The Role of the Amygdala in Human Behavior and Emotion

Amygdala and different emotions of a man

Verywell / Zoe Hansen

The amygdala is a region of the brain that is involved in processing emotions, particularly fear. While emotions are not facts, they are one way that our brain keeps us safe and aware of our surroundings. For example, fear and anxiety exist to alert us of potential threats.

Since our emotions inform us about our environment, they impact behavior. When emotions serve as a warning of potential danger, we can act to protect ourselves. At the same time, our emotions do not always give us accurate information about threats and can cause anxiety and stress when we are not actually unsafe.

Learn more about the role of the amygdala in how we feel and behave.

What Is the Main Function of the Amygdala?

According to Shaheen E. Lakhan, MD, PhD, FAAN, a neurologist and chief medical officer of Click Therapeutics in New York, the amygdala is a “tiny little almond-shaped structure [that] is responsible for all that is emotion—largely fear, anger, pleasure, and anxiety.”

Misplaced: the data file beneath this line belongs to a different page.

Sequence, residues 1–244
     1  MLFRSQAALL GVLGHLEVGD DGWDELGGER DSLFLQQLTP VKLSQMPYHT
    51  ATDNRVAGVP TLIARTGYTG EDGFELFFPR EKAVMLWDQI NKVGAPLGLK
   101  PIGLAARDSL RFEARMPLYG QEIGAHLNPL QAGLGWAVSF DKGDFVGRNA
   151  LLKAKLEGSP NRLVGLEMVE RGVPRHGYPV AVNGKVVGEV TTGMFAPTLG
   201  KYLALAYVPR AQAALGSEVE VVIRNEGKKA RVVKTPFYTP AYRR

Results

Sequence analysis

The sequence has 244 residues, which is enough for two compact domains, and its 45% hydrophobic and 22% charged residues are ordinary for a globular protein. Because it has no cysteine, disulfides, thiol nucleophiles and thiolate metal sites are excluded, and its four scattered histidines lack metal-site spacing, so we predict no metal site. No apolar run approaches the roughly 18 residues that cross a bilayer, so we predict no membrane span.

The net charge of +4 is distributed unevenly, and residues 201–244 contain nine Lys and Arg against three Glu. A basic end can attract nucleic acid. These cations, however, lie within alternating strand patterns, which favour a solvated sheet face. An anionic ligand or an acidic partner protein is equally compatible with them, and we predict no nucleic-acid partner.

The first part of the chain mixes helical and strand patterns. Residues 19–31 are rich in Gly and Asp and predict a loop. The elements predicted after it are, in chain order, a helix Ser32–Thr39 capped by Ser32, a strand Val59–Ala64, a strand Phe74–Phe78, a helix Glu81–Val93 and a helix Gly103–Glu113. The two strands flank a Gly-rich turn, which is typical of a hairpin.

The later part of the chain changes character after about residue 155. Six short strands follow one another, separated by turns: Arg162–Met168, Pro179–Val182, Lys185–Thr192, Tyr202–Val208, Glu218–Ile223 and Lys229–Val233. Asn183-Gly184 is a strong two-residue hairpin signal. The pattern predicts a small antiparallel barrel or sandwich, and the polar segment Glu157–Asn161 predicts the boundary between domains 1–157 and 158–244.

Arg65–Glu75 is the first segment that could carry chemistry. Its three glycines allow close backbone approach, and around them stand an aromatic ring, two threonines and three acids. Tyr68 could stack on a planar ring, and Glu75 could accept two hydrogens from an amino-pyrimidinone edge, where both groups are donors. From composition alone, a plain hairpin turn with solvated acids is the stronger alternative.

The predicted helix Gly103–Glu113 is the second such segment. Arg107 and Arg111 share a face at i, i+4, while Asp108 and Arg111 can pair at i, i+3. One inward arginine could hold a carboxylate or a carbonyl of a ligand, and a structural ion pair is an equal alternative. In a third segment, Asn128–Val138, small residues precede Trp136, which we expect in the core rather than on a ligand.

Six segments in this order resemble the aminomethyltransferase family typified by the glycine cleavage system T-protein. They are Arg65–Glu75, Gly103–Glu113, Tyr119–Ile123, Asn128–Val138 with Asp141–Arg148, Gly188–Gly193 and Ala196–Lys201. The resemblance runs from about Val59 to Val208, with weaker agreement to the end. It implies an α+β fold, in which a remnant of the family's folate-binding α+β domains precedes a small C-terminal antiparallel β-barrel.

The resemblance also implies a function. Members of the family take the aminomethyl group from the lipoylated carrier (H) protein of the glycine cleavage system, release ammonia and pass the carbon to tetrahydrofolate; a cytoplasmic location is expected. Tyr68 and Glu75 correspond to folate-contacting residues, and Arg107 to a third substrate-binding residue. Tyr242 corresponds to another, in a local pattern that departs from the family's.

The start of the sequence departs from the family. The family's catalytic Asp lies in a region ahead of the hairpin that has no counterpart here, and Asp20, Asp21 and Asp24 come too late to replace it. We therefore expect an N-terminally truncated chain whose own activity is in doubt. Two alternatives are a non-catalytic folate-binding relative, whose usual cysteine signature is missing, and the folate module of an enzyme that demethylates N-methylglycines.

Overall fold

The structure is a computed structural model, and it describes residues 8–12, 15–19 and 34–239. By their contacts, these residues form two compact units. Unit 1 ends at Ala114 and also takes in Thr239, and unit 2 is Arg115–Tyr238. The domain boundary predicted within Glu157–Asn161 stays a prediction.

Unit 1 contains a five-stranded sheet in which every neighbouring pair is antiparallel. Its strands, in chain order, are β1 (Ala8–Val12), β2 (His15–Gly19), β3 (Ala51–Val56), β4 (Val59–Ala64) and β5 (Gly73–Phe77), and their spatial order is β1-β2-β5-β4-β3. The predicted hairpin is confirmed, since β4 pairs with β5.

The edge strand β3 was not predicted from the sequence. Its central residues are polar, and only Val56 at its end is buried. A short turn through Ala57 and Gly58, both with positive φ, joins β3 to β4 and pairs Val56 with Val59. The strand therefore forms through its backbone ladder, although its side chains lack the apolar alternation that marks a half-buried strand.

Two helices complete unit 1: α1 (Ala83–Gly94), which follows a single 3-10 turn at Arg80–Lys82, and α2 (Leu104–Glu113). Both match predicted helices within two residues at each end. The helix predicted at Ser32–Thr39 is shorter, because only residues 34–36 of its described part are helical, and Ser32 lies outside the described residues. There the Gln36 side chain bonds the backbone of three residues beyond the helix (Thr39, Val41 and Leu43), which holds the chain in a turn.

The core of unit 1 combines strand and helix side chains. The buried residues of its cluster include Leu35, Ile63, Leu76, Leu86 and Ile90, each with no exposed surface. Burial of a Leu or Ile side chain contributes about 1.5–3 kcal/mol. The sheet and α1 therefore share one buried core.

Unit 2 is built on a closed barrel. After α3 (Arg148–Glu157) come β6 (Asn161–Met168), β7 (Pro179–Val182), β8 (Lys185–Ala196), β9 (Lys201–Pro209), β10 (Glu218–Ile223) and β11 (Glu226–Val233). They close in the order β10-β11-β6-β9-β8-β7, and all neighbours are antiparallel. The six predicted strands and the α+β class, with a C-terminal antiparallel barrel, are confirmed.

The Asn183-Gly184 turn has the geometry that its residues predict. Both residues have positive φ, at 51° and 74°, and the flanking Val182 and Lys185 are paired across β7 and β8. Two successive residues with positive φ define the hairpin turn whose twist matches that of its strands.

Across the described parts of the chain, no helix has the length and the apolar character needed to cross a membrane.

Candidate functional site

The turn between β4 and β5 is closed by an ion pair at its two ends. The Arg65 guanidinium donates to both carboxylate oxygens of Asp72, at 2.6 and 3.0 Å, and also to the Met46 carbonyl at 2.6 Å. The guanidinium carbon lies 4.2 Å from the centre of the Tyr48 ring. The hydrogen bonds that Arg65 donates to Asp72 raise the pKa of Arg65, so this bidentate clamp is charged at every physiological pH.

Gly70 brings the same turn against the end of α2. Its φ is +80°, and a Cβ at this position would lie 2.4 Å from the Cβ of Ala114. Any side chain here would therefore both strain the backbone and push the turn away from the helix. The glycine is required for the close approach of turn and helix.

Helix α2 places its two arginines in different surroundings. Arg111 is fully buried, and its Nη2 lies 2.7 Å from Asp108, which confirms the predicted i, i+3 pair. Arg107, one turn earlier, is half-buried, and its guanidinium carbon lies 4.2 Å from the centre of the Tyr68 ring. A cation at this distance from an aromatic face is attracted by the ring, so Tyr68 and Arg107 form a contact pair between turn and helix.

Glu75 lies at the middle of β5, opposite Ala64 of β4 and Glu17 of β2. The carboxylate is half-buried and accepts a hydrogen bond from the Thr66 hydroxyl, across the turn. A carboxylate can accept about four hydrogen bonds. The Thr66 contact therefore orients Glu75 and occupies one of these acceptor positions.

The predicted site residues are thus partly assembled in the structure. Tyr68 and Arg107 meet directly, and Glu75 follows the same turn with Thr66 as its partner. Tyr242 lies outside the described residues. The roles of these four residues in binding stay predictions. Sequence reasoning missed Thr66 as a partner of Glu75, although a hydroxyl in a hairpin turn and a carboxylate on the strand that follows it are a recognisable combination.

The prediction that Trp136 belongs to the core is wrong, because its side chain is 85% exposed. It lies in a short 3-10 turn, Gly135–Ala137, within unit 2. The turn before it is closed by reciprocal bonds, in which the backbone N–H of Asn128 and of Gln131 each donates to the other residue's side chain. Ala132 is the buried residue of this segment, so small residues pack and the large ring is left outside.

While amygdala responses can alert us when we are unsafe or need to take steps to manage stress, the amygdala can also become overactive in trauma survivors, contributing to symptoms of post-traumatic stress disorder. Additionally, research shows that the amygdala plays a role in mood disorders, including major depressive disorder.

Emotional responses, including fear, ignite behavioral responses.

What Feelings Does the Amygdala Control?

The amygdala is involved in the regulation of anxiety, aggression, stress responses, memories tied to emotions, and social cognition. It is involved in activating the fight or flight response, impacting how we react to potentially dangerous situations.